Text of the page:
The Enforcement Strategy for the route is now firmly established and involves a combination of average speed cameras (ASC) introduced in late 2014 between Dunblane and Inverness and mobile enforcement north of Inverness. The principal purpose of the enforcement strategy is to encourage compliance with the speed limit rather than detecting large numbers of offenders. The research carried out by the A9 Safety Group highlighted that on average over 36% of drivers were exceeding the speed limit on the A9. From an overall perspective Police Scotland continues to patrol the route using both marked and unmarked vehicles to monitor driver behaviour.
Dunblane to Perth
This entire stretch is covered by average speed cameras.
Perth to Inverness
Between Perth and Inverness ASC monitor the single carriageway sections (including the 2+1 stretches) while the dual carriageway sections have a number of mobile sites which are enforced by the North Safety Camera Unit. ASC are also the principal speed enforcement method used within the long term roadworks associated with the upgrading programme.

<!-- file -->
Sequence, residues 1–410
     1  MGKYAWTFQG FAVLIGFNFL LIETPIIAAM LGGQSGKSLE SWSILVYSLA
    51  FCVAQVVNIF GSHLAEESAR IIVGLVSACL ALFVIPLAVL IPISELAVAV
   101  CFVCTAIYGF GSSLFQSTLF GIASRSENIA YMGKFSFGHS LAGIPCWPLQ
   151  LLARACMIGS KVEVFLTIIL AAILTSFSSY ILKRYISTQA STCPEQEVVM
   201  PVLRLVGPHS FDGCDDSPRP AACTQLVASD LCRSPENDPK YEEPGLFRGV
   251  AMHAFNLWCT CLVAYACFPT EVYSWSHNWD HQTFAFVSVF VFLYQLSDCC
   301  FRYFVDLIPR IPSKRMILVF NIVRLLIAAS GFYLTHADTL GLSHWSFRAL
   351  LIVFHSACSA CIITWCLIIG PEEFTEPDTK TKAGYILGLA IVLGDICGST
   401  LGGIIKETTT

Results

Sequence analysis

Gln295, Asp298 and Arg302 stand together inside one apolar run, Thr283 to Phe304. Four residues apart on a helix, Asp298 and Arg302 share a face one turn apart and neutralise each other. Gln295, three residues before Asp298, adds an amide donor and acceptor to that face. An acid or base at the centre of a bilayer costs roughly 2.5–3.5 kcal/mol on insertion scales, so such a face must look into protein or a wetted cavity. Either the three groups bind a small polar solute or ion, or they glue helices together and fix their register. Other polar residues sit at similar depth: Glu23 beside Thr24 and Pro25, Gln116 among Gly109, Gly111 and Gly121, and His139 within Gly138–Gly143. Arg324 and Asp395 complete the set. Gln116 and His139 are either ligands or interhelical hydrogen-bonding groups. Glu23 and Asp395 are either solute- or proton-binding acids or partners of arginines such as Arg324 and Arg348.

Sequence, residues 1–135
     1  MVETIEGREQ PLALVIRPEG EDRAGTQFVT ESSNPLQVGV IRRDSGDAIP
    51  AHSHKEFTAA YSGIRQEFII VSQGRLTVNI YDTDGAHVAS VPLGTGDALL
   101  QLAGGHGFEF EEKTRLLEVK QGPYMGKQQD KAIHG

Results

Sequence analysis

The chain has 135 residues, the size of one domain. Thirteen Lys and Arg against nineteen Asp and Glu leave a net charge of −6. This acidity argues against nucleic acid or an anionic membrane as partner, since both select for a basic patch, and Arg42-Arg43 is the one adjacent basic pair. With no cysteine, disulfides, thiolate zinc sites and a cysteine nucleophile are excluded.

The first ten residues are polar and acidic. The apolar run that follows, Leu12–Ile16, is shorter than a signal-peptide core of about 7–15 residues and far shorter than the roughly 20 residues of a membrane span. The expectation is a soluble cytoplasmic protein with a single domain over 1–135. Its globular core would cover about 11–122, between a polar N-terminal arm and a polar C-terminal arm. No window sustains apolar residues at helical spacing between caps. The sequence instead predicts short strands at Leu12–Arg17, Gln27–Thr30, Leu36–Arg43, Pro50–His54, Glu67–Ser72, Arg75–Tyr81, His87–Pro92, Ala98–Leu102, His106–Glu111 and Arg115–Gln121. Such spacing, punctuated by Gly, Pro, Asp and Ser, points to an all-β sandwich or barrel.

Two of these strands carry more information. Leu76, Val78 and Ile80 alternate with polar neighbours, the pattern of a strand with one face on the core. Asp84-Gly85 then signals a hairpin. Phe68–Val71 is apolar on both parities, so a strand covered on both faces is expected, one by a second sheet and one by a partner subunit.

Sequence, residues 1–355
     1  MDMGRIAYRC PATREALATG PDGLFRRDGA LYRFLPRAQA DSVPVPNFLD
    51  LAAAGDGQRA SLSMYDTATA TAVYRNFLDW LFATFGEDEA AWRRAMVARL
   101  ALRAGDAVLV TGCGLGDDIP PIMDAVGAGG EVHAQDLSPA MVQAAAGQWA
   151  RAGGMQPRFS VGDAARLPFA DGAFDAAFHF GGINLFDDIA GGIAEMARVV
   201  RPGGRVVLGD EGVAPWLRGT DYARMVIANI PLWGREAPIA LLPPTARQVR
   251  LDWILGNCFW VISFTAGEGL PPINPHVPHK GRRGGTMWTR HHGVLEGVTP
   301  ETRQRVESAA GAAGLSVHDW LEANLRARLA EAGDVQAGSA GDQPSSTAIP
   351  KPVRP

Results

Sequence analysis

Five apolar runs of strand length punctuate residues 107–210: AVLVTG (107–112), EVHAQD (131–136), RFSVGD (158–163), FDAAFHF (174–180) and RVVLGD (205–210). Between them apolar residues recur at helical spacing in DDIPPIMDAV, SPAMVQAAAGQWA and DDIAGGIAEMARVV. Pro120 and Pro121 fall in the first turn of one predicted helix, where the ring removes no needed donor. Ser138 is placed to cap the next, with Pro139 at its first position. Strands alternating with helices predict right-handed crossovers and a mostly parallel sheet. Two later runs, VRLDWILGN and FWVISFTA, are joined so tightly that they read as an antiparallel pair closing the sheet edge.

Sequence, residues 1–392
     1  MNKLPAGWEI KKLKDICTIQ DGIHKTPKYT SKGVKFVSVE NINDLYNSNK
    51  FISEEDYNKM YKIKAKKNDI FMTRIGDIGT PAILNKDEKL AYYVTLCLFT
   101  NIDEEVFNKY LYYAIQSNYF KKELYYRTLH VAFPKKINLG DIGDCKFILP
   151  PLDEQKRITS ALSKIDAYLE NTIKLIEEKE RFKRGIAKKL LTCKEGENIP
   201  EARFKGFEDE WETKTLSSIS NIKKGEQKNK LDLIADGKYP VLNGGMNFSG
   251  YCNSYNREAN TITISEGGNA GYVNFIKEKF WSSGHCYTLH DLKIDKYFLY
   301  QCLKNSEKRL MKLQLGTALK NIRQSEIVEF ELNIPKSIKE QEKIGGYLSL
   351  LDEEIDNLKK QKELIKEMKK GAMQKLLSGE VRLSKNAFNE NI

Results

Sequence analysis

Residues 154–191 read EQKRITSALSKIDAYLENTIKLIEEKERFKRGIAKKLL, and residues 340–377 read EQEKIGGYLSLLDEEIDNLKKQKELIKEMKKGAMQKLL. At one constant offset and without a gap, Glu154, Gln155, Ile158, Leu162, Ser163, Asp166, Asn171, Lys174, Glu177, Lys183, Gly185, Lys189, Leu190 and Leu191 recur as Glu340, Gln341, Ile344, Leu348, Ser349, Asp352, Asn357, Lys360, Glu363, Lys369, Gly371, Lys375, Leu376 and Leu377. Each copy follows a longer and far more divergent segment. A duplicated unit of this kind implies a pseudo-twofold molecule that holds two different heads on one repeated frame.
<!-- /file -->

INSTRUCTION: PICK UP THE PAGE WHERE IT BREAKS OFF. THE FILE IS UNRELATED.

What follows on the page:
Inverness to Thurso
The North Safety Camera Unit has a number of mobile camera sites between Inverness and Thurso which are monitored on a regular basis.
The Scottish Safety Camera Programme was restructured in 2015, forming three enforcement units (North, East and West) responsible for speed and red light cameras across Scotland. The Safety Camera Units work alongside Police Scotland and are funded through a Scottish Government grant administered by Transport Scotland. More information on safety cameras can be found at: Scottish Safety Cameras can be found at: Scottish Safety Cameras